Quintus Smyrnaeus, Fall of Troy 12. 337 ff :
"[The Trojan Horse :] Into that cavernous Horse Akhilleus' (Achilles') son [Neoptolemos] first entered . . . Thalpios . . . Amphimakhos (Amphimachus) . . . Meges stalwart Phyleus' son--yea, more, even all their chiefest, entered in, so many as that carven Horse could hold. Godlike Epeios (Epeius) last of all passed in, the fashioner of the Horse; in his breast lay the secret of the opening of its doors and of their closing: therefore last of all he entered, and he drew the ladders up whereby they clomb: then made he all secure, and set himself beside the bolt. So all in silence sat 'twixt victory and death."
Quintus Smyrnaeus, Fall of Troy 13. 232 ff :
"[The Sack of Troy :] Thence rushed he [Diomedes] on slaying the Trojans, storming in his might all through their fortress . . . Amphimedon Aias slew: Agamemnon smote Damastor's son : Idomeneus struck down Mimas : by Meges Deiopites died."
Tryphiodorus, The Taking of Ilias 152 (trans. Mair) (Greek poet C5th A.D.) :
"[The heroes of the Trojan Horse :] And first godlike Neoptolemos followed his advising . . . And after Neoptolemus rose up Diomedes, the son of Tydeus . . . and Peneleus and Meges and valiant Antiphates . . . Last Epeios (Epeius) of glorious craft set foot in the thing he had himself contrived. Then they prayed unto [Athena] the grey-eyed daughter of Zeus and hasted into their vessel of the horse."
Anonymous, Dictys Cretensis' Journal of the Trojan War 3. 10 (trans. Frazer) (Latin faux-journal C4th A.D. after Greek original C1st A.D.) :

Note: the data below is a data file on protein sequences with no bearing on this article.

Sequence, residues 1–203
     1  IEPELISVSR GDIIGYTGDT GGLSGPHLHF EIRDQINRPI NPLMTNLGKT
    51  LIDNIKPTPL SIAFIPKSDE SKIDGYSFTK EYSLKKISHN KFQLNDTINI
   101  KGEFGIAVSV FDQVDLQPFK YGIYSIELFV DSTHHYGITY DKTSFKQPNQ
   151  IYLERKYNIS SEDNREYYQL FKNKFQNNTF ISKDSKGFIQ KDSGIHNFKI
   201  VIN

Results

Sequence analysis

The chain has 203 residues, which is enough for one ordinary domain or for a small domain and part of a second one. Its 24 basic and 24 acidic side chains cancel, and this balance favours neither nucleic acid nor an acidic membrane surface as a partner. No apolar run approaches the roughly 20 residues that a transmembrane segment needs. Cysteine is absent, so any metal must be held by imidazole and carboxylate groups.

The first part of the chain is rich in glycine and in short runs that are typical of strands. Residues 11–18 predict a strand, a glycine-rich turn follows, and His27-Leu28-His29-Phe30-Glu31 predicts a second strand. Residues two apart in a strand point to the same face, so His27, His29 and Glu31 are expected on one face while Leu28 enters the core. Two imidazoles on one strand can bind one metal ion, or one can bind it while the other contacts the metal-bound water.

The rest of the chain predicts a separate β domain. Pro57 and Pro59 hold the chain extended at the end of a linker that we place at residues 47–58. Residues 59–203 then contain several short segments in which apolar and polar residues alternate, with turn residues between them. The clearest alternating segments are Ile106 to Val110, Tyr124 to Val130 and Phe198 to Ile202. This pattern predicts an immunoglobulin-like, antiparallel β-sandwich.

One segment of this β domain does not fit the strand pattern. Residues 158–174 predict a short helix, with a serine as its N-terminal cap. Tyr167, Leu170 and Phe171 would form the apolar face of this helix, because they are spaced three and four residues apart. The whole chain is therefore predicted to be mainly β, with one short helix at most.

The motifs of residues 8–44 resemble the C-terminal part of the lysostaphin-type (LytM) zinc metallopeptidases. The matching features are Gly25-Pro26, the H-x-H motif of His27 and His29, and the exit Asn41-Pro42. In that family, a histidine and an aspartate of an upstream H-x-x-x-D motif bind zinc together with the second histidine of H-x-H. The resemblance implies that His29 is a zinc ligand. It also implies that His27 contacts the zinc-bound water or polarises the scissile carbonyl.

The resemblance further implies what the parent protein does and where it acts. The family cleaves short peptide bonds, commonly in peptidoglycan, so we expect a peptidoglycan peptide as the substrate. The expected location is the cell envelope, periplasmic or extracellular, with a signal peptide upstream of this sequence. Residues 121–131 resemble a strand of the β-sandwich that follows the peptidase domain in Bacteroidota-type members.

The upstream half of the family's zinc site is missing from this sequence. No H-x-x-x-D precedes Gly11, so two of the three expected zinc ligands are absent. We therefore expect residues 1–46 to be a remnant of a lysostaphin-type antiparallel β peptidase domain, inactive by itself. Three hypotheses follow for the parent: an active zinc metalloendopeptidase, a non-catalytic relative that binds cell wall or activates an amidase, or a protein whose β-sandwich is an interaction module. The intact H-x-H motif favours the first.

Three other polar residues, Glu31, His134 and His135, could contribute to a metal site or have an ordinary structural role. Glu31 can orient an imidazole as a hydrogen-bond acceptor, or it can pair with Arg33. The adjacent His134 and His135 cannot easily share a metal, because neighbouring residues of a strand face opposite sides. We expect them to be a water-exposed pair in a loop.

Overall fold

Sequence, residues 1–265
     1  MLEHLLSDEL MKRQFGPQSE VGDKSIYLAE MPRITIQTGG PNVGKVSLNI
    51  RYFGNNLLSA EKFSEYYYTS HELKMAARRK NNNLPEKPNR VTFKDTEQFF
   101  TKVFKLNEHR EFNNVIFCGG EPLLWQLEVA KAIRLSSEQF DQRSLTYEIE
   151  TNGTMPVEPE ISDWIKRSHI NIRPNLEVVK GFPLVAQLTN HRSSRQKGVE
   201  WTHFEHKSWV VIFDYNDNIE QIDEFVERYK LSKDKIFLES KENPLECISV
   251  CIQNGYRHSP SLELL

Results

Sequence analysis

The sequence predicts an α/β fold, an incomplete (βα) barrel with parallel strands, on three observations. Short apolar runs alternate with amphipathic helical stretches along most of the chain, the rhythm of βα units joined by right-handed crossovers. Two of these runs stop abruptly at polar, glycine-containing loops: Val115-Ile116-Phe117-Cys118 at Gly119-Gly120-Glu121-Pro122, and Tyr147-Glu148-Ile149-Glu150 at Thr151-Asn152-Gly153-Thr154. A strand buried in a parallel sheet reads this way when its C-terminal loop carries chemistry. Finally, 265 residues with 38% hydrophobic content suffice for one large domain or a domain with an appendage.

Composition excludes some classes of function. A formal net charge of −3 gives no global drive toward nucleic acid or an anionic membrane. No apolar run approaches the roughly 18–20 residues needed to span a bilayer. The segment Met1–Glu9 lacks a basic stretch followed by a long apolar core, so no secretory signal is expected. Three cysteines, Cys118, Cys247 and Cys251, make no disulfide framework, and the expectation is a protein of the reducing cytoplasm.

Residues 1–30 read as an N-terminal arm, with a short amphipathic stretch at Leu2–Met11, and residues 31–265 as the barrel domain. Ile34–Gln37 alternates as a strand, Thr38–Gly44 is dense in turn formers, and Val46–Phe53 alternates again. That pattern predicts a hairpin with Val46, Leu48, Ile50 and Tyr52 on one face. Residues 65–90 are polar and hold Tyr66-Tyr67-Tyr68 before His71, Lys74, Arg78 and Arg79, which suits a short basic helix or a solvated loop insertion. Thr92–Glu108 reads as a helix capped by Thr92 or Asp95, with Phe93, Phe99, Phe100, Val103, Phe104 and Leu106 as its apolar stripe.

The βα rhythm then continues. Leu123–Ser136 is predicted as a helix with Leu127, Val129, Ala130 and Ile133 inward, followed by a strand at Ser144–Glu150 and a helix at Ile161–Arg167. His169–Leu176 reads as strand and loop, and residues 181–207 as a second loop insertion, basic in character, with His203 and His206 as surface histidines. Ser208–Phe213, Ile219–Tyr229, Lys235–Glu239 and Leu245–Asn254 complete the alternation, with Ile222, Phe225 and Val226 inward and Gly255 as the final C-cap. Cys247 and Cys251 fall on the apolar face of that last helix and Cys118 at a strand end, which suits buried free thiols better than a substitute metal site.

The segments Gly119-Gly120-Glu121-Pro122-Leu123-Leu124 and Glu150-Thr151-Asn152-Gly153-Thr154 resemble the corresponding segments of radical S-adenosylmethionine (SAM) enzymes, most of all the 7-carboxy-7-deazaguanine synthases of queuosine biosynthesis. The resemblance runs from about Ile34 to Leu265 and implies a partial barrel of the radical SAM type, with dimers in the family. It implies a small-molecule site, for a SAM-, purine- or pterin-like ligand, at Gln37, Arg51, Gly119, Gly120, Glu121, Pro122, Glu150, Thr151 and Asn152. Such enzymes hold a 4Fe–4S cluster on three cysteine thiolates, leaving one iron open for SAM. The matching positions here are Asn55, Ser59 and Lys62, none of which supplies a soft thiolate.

"The barbarians [i.e. the Trojans], in accordance with their utter lack of principles, began hostilities with a sneak attack. Pitched battles were not to their liking; nothing else than treachery and turmoil would do. They fell upon us like a landslide, hurling their javelins with barbarous war cries. Many of our men, being caught off guard and half-armed, were killed, including Arkesilaos (Arcesilaus), the Boiotian, and Skhedios (Schedius), the Krissaian (Crissaean), both of whom were the best of leaders. The number of the wounded, however, was even greater; among whom were Meges, the ruler of the Ekhinades (Echinades), and Agapenor, ruler of Arkadia."
Pseudo-Hyginus, Fabulae 81 (trans. Grant) (Roman mythographer C2nd A.D.) :
"Suitors of Helen . . . Thalpius, Polyxenus . . . Meges."
Pseudo-Hyginus, Fabulae 97 :
"Those who went to attack Troy, and the number of their ships . . .
Amphimachus, son of Cteatus, from Elis, with 10 ships; . . .
Amarynceus, son of Onesimachus, from Mycenae, with 19 ships;
Polyxenus, son of Agasthenes and Peloris, from Aetolia, with 40 ships;
Meges, son of Phyleus and Eustyoche, from Dulichium, with 60 ships."
CHRONOLOGY OF THE ELEAN KINGS
|1. Aethlios||1. Alxion||1. Olenos|
|2. Endymion||2. Oinomaos|
6. Eleios *
5. Heleios *
|1. Phorbas||2. Alektor|
|7. Augeias **||2. Aktor||3. Dexamenos
4. Hipponoos ****
|8. Agasthenes||1. Amarynkeus ***||3. Kteatos & Eurytos||1. Phyleus|
|9. Polyxeinos||2. Diores||4. Thalpios & Antimakhos||2. Meges|
1. Pisa (southern Elis); 2. Elis (central Elis); 3. Bouprasion (northern Elis); 4. Doulikhion (island west of Elis); 5. Olenos (northern Elis & western Akhaia).
* Eleios-Heleios is the same figure. One tradition represents him as a son of Perseus and the heir of King Pelops, another makes him a grandson of King Endymion. He was sometimes confounded with the sun-god Helios.
** Augeias ruled the whole of Elis including the regions of Elis, Pisa, Bouprasion and Doulikhion. After his death the kingdom was divided into four autonomous parts.
*** Amarynkeus received a quarter of the kingdom of Augeias. One assumes his portion was Pisatis.
**** In the reign of Hipponoos, Olenos was annexed by King Oineus of Aitolia. It is listed as an Aitolian dominion in Homer's Catalogue of Ships.
- Homer, The Iliad - Greek Epic C8th B.C.
- Epic Cycle, The Little Iliad Fragments - Greek Epic C8th - 7th B.C.
- Apollodorus, The Library - Greek Mythography C2nd A.D.
- Pausanias, Description of Greece - Greek Travelogue C2nd A.D.
- Anonymous, Dictys Cretensis - Greek Faux-Journal C1st A.D.
- Quintus Smyrnaeus, Fall of Troy - Greek Epic C4th A.D.
- Tryphiodorus, The Taking of Ilias - Greek Epic C5th A.D.
- Hyginus, Fabulae - Latin Mythography C2nd A.D.